Our definition of the word “sleeper” has changed through the years—this year, we’re going with any golfer younger than 30 who hasn’t won a PGA Tour event or qualified for the Tour Championship—but our penchant for picking guys before they truly breakout as stars hasn’t. OK, so there have been plenty of whiffs along the way, and some of our past picks (like Jon Rahm and Bryson DeChambeau) were no-brainers. But there also have been others like Jimmy Walker in 2013 and Aaron Wise last year who have made us look good (Thanks, guys). Anyway, here’s who we’re predicting (in no particular order) to have big seasons in 2018-’19.
It almost feels like cheating to include Beau on this list for a second consecutive year, but technically, he still meets our criteria. However, no one mentioned here came as close to a PGA Tour title as Hossler, who basically had a victory stolen from him at the Houston Open by Ian Poulter. But for a young man who putts this well (Hossler finished fourth on tour in strokes gained/putting as a rookie), there will be plenty more opportunities.
It took this 19-year-old Chilean just five starts this past summer to earn a special temporary membership on the PGA Tour. Then he needed only three more to lock up full playing privileges for this coming season. Niemann is both the youngest golfer on this list (he turns 20 in November) and the one who most screams future superstar.
Golf fans got their first good look at this former LSU star when he outplayed Tiger Woods in the final round of the 2018 Honda Classic. The resulting T-8 was one of several successful PGA Tour cameos, but he spent most of his time this past year finishing fourth on the Web.com Tour’s regular-season money list. With full PGA Tour playing privileges for the first time, expect to see the 22-year-old for college golfer of the year in more late-Sunday pairings this season.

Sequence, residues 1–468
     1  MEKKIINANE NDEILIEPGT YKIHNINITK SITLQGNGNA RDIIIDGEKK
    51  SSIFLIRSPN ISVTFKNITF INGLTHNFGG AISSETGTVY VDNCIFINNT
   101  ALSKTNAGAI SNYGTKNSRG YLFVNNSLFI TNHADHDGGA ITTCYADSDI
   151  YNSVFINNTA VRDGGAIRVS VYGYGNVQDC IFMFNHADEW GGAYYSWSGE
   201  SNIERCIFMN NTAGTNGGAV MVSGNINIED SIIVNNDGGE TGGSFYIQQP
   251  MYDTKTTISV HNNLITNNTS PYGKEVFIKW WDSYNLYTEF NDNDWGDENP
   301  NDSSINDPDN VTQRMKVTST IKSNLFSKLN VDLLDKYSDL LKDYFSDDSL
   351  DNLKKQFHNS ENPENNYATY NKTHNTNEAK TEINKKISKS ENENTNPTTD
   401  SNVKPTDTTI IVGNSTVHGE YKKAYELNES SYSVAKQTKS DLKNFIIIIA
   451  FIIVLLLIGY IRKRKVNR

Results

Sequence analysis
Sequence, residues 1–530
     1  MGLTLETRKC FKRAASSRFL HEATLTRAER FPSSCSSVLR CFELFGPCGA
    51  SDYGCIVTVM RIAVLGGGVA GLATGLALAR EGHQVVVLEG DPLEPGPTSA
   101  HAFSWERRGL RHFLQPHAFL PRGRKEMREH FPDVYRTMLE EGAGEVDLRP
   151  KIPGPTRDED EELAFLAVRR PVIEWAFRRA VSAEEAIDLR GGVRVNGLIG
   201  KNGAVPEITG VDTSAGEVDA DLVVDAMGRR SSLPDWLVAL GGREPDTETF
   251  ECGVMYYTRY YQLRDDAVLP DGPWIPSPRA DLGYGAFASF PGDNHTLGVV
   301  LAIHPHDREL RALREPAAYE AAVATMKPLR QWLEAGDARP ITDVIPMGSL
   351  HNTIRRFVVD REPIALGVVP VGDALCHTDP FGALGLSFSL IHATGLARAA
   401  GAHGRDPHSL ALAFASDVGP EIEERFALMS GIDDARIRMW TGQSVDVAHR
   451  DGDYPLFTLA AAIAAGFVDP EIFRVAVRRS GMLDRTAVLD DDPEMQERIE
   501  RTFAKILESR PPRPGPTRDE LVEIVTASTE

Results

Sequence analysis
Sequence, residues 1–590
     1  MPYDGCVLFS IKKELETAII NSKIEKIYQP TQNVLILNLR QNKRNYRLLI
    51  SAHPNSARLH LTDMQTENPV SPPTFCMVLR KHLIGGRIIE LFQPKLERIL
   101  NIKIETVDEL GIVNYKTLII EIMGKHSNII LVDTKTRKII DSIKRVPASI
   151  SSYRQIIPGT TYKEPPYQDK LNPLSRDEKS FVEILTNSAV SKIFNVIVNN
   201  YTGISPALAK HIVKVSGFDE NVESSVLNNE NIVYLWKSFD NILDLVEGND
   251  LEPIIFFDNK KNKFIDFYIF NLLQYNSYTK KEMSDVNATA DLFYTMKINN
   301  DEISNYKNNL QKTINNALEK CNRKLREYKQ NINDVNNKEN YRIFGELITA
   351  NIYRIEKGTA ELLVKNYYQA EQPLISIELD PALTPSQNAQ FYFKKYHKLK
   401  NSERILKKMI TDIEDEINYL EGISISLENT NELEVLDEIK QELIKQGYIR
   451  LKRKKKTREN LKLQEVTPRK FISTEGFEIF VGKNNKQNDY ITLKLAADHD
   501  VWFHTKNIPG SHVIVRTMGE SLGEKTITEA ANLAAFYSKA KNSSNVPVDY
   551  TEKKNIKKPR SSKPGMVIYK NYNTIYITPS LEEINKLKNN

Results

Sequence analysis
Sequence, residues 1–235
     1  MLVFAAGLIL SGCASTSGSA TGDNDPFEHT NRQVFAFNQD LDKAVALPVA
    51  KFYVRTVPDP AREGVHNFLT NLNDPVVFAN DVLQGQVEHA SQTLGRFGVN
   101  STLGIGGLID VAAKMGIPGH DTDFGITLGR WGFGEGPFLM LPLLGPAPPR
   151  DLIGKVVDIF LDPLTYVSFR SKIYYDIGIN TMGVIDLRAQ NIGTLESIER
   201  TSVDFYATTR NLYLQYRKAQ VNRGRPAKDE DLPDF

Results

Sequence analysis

What a name, what a talent. Able to produce ball speeds of more than 190 miles per hour, Champ arguably will be the longest hitter on the PGA Tour as a rookie. But he’s not just a bomber. While averaging 391 yards (Yes, 391 yards) off the tee during the Web.com Tour’s Utah Championship, Champ, 23, also hit two-thirds of the fairways on his way to picking up his first pro win. Previously, this Sean Foley student drew notoriety as an amateur when he was T-8 through two rounds at the 2017 U.S. Open. With his jaw-dropping power, Champ should be an instant fan favorite on the PGA Tour.
Another long-hitting Cameron, this 23-year-old Aussie was eighth on the Web.com Tour in driving distance (320.5), third in putting average and second in birdie average. His rookie season on the developmental tour also included a Nashville Open win and finishing sixth on the Web.com Tour Finals money list. But his biggest win came in his home country at the 2017 Australian Open.